That’s the type of detail that could keep consumers away from not just the Lightning, but all electric pickups. On a 150kw DC fast charger, the extended-range trim targets up to 54 miles of range in 10 minutes, or just under an hour for a full charge.
It’s not hard to imagine a scenario in which someone who may be buying a truck to tow a camper a long distance once or twice per year opting for a gas-powered F-150 instead being inconvenienced with an hour-long stop to recharge every 100 miles or so, Caldwell said.
But several once-in-a-while Lightning features are generating a buzz, like a drain hole in case the cab needs to be hosed out. Its dual battery system can power tools in the field, or a house for three days during an outage. The F-150 Hybrid was utilized as a mobile generator in the recent deadly Texas blackouts.
The Lightning’s power is another selling point – it can go 0-60mph in just over four seconds, offers 775lb-ft of torque, and the extended range model targets 563 horsepower.
That was enough to impress the president, who test drove a Lightning during a Michigan stop last week. “This sucker’s quick,” he declared.
Among those who will need to harness the truck’s full power and hauling capacity are contractors. It’s worth consideration, said Dave Alder, an electrician in Detroit, especially if it could save on gas money. But he worried about where he would charge it, and said it’s a bit of a “If it’s not broken, don’t fix it” situation with his gas-powered Chevy Silverado.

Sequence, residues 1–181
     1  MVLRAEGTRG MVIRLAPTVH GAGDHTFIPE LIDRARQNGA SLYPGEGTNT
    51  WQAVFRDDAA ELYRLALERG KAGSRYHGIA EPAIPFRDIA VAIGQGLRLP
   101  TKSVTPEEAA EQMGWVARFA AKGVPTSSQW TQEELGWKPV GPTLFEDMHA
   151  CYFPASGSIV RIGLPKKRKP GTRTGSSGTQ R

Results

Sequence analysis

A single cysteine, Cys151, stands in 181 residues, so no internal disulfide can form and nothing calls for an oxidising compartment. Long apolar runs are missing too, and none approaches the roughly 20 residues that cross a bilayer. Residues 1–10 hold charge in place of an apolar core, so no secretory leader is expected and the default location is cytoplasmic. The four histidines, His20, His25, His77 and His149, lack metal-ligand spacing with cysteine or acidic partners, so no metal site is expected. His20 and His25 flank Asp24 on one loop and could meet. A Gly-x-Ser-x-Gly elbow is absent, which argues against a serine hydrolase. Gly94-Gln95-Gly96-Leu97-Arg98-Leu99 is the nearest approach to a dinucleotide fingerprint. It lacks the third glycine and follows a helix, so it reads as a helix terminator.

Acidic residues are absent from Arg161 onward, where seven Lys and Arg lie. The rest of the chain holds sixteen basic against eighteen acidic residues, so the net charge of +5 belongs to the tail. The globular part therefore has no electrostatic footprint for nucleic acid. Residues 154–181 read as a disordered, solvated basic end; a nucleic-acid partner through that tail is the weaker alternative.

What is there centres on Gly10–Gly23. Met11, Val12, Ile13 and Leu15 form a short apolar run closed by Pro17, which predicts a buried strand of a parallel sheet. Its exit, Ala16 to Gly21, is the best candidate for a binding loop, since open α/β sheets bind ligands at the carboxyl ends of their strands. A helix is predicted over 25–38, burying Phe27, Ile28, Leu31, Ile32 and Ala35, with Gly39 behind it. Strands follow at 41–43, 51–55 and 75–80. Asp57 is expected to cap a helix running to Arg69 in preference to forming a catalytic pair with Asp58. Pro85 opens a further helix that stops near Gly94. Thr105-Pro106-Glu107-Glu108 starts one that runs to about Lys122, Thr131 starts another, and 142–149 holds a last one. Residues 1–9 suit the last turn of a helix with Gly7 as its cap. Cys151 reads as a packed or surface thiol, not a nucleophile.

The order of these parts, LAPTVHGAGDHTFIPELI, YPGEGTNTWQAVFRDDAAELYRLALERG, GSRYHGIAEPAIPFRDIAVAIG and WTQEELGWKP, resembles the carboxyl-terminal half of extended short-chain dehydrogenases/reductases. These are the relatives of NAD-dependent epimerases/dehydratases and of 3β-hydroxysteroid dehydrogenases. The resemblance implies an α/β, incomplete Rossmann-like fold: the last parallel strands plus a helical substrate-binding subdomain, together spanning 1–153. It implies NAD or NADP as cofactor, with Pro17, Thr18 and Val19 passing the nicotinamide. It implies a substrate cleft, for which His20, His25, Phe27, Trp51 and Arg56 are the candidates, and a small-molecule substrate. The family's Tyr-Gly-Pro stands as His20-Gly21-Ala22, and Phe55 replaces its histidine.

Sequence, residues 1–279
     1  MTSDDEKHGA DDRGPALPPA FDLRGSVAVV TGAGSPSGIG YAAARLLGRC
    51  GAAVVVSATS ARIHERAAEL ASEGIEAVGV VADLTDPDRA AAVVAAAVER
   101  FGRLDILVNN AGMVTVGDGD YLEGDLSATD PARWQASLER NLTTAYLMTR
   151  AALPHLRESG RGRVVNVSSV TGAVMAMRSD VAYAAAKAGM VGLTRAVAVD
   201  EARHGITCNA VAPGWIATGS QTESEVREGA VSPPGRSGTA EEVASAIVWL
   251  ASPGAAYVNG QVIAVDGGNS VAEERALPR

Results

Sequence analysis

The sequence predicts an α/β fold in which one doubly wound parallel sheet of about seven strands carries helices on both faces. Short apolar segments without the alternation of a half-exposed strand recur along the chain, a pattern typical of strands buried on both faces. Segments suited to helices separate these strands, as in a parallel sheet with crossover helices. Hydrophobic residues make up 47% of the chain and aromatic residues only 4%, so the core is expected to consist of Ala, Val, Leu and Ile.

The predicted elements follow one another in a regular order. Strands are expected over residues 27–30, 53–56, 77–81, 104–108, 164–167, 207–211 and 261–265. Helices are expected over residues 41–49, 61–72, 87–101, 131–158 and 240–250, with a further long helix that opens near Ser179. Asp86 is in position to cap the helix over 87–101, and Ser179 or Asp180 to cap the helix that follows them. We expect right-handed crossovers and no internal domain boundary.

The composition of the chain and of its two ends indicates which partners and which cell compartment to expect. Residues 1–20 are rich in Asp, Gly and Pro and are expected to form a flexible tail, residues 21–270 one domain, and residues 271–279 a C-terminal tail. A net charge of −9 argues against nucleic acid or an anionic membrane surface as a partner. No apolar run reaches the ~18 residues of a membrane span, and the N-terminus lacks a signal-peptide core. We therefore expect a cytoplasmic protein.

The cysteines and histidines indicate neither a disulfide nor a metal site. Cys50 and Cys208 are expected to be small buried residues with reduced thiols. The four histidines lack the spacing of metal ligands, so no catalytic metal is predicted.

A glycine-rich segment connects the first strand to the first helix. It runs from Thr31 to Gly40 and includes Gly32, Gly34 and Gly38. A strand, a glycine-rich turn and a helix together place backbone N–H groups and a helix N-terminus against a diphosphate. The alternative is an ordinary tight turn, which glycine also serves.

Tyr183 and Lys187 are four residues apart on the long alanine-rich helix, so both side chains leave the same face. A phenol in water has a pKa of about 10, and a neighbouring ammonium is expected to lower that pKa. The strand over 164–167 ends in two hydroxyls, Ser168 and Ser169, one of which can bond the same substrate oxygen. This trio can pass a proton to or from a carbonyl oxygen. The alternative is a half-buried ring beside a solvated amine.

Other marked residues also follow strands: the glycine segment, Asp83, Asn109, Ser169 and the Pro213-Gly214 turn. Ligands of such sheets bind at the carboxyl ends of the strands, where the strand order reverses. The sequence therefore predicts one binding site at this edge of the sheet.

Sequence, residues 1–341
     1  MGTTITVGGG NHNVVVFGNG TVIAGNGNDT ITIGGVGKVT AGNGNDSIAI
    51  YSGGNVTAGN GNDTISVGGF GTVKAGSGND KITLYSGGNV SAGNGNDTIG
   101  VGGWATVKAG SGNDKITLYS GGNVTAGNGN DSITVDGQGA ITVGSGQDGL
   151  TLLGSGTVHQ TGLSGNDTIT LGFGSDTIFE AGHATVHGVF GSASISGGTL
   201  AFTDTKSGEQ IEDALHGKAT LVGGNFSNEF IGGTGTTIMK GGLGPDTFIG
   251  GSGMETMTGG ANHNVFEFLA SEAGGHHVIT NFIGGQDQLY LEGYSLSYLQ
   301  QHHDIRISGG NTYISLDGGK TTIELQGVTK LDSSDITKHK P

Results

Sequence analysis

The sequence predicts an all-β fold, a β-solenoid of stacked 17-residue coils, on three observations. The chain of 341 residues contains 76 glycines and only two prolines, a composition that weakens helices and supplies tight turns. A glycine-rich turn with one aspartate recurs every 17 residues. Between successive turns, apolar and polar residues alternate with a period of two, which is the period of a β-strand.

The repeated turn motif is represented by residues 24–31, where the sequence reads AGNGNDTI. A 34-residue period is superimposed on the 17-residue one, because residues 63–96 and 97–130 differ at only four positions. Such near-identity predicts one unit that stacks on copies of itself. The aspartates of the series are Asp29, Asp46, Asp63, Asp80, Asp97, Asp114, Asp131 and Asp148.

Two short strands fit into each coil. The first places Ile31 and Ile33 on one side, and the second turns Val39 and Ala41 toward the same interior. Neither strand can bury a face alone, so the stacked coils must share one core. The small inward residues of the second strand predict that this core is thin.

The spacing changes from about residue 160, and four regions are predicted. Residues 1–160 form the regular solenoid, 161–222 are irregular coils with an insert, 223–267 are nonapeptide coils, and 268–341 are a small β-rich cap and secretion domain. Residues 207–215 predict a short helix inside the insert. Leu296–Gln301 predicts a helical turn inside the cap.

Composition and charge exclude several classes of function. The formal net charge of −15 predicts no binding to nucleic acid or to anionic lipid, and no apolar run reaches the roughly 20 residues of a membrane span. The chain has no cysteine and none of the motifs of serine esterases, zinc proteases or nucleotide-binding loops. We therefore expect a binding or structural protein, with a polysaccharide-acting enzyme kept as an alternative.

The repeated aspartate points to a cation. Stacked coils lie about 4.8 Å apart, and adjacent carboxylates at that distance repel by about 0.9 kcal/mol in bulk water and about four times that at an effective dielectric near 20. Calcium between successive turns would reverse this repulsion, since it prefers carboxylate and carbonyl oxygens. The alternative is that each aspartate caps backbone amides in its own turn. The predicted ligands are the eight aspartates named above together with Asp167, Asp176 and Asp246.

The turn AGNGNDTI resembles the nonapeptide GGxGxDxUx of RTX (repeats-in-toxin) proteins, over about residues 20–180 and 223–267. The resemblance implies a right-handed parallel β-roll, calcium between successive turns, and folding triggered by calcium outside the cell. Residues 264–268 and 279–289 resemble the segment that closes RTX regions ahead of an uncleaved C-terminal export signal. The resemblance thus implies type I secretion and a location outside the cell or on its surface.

The Lightning has the support of the United Auto Workers union, which at times has been skeptical of electrification. The truck will be built at the Rouge Electric Vehicle Center in Dearborn, which sits just outside of Detroit and next to the Dearborn Truck Plant that produces gas-powered and hybrid F-150s. Lightning production is slated to start next spring, with the trucks hitting the lot in mid-2022.
Critical to its success is an infrastructure build out, and Biden’s $2tn infrastructure plan includes $174bn to support the EV transition.
Biden has framed his pitch by repeatedly claiming the US is in an electrification race with China.
“The future of the auto industry is electric. There’s no turning back,” he said during the Lightning’s unveiling. “The question is whether we will lead or we will fall behind in the race to the future.”
Buy-in from the auto industry could help Biden push his proposal with Congress, though it’s uniformly opposed by the GOP. Republican leadership has pointed to the lack of infrastructure as a chief reason for opposing spending on the EV transition, but at the same time opposes funding an infrastructure build-out.
American consumers have said they won’t buy an EV without the infrastructure in place, Krebs said, which leaves the industry facing a “chicken and egg” situation.
“That’s key – they have got to have the charging infrastructure in place or this will all go kaput,” she said.